773 F.2d 1169 (11th Cir. 1985), 84-3744, Wahl v. McIver
|Citation:||773 F.2d 1169|
|Party Name:||Peter Gerard WAHL, Plaintiff-Appellant, v. William McIVER, et al., Defendants-Appellees.|
|Case Date:||October 15, 1985|
|Court:||United States Courts of Appeals, Court of Appeals for the Eleventh Circuit|
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Carl J. Zahner, Asst. Atty. Gen., Tallahassee, Fla., Gerald W. Pierce, Ft. Myers, Fla., for defendants-appellees.
Appeal from the United States District Court for the Middle District of Florida.
Before GODBOLD, Chief Judge, and HILL and ANDERSON, Circuit Judges.
Plaintiff-appellant Peter Gerard Wahl filed this action under 42 U.S.C. Sec. 1983 against the Honorable R. Wallace Pack ("Judge Pack") and the Honorable William McIver ("Judge McIver"), who are Florida circuit court judges; Douglas M. Midgley ("Midgley"), the Lee County Public Defender; Joseph P. D'Alessandro ("D'Alessandro"), the State Attorney; Frank Wanicka ("Wanicka"), the Lee County Sheriff; Major Roy Yahl ("Yahl"), Administrative Head of the Lee County Jail; and the County Commissioners of Lee County. Appellant charged defendants/appellees with various improprieties in the handling of his criminal case and various unconstitutional jail conditions; 1 seeking injunctive relief for those actions. 2 Before
appellees had filed any responsive pleadings, Wahl filed an "additional complaint" containing several new allegations against the defendants. He also sent a letter to the district court judge claiming that D'Alessandro and several assistant state attorneys were improperly admitted into office, and that his conviction was therefore void. He sought punitive damages for this alleged injury.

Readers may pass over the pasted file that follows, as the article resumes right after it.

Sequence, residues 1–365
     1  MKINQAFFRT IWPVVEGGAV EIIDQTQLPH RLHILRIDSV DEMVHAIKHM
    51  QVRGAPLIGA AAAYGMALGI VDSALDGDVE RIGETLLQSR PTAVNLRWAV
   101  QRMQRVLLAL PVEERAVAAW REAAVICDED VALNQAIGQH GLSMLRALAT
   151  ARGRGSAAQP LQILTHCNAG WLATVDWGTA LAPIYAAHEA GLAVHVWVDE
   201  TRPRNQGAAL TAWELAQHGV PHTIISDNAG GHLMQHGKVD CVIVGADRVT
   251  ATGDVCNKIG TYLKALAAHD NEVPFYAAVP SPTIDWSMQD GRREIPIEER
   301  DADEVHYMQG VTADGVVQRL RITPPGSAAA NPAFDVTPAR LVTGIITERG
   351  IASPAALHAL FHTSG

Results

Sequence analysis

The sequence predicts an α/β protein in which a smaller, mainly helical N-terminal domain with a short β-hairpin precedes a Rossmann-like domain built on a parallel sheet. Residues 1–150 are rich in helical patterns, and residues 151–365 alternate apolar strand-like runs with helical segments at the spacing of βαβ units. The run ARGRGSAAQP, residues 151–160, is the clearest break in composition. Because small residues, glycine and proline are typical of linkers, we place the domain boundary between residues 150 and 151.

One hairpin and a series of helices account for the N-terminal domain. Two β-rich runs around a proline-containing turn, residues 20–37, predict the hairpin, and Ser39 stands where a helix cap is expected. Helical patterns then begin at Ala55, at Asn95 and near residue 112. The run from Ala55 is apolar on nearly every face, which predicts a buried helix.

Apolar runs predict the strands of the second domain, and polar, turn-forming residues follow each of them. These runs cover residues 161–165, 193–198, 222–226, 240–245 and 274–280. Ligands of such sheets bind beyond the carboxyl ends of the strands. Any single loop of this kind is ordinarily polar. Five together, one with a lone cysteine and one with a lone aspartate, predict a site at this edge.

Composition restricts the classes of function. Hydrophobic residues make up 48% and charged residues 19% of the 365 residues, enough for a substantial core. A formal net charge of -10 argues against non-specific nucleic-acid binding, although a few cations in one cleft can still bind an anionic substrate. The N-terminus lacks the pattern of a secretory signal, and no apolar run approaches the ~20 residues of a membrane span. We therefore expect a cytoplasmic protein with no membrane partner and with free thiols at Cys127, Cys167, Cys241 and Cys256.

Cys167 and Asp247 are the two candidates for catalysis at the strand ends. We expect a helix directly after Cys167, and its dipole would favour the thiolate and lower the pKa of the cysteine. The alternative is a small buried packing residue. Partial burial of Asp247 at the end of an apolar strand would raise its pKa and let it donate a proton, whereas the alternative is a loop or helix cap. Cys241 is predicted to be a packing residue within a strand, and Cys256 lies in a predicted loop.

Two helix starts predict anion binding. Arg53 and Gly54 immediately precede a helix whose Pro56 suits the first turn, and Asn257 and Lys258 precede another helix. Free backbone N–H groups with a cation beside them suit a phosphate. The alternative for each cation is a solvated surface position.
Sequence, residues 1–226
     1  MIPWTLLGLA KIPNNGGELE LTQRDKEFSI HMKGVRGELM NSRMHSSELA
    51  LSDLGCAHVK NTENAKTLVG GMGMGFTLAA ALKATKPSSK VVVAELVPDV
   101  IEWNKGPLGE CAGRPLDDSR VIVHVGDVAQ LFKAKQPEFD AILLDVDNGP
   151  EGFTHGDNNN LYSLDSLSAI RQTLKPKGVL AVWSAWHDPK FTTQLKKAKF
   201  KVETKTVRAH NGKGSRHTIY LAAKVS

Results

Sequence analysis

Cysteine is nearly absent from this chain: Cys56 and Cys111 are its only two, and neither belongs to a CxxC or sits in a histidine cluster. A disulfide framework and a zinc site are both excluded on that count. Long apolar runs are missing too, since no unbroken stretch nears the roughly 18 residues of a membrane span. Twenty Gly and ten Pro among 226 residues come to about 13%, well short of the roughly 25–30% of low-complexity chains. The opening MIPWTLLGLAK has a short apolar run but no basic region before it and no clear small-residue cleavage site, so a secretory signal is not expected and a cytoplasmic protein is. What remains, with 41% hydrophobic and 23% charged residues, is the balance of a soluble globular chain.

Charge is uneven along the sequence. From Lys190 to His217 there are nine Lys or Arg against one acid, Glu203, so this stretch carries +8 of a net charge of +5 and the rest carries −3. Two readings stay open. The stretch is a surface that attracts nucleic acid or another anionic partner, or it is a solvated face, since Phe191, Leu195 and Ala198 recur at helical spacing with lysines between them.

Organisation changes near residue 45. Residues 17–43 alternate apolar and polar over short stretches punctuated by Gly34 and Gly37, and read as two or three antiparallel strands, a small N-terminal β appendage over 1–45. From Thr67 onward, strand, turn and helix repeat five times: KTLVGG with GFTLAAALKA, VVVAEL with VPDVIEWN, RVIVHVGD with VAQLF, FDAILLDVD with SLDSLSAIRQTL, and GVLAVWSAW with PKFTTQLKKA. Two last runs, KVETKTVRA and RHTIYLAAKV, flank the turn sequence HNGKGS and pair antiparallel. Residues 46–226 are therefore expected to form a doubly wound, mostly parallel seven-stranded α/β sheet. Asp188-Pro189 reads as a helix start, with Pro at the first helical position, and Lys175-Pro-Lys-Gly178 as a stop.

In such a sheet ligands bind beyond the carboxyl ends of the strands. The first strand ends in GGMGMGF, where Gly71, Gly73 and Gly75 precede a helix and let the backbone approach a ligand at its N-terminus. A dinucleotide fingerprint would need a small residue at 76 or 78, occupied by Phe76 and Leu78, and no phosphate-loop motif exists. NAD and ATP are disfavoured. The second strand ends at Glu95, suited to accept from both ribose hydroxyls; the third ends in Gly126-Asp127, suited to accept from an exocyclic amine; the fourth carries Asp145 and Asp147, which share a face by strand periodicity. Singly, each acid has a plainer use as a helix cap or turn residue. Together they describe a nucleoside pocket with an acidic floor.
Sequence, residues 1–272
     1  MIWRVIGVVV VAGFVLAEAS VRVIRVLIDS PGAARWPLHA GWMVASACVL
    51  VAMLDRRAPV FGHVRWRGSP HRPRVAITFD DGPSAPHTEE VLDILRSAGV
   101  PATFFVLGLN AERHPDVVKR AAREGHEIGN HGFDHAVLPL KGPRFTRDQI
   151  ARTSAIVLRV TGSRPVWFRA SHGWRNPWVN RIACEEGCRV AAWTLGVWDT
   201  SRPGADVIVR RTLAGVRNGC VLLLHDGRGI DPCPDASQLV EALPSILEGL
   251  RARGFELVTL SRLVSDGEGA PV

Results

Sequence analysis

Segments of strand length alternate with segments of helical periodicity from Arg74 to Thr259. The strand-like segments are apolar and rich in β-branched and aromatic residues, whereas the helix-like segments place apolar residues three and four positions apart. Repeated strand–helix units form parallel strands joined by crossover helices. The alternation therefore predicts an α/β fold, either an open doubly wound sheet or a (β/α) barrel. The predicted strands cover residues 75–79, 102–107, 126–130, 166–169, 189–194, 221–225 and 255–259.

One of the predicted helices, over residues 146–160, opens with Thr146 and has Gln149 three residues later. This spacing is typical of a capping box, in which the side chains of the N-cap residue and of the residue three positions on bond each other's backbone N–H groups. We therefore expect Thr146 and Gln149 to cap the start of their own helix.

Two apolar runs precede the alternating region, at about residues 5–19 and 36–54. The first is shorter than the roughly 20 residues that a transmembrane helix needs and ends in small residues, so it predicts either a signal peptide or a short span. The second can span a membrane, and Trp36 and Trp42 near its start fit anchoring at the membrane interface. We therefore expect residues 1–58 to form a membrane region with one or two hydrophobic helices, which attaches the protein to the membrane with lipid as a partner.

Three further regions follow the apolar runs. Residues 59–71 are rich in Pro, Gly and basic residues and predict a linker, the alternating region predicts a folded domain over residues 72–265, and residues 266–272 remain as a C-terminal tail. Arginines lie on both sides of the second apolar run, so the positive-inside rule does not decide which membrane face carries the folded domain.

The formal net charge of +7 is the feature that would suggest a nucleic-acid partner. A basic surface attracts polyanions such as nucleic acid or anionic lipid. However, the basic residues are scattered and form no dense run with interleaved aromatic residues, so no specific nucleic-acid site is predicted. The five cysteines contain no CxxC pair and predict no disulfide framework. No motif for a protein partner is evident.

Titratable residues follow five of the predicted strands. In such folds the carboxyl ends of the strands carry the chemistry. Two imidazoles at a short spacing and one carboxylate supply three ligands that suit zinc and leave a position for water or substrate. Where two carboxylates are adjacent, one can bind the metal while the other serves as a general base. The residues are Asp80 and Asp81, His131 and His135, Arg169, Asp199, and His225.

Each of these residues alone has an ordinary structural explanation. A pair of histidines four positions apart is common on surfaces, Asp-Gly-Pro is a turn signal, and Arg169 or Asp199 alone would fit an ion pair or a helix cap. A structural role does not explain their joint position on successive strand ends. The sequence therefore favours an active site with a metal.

Appellees Wanicka, Yahl, and the Lee County Commissioners moved to dismiss the original complaint, the "additional complaint" and the amendment concerning punitive damages. They argued that Wahl failed to allege any facts showing that they had control over the jail or knowledge of the alleged violations, and that none of the allegations concerning jail practices stated a constitutional claim. In response, appellant supplemented his claims with detailed factual allegations. Judges Pack and McIver moved to dismiss on the basis of judicial immunity, and D'Alessandro moved to dismiss on the basis of prosecutorial immunity. Midgley did not respond to appellant's suit in district court and did not file a brief on appeal.
The district court dismissed appellant's complaint. It reasoned that suit against Judges Pack and McIver was barred by judicial immunity and that suit against D'Alessandro was barred by prosecutorial immunity. The court also held that appellant's other allegations failed to state causes of action. Appellant filed a timely notice of appeal and the district court granted appellant leave to proceed in forma pauperis.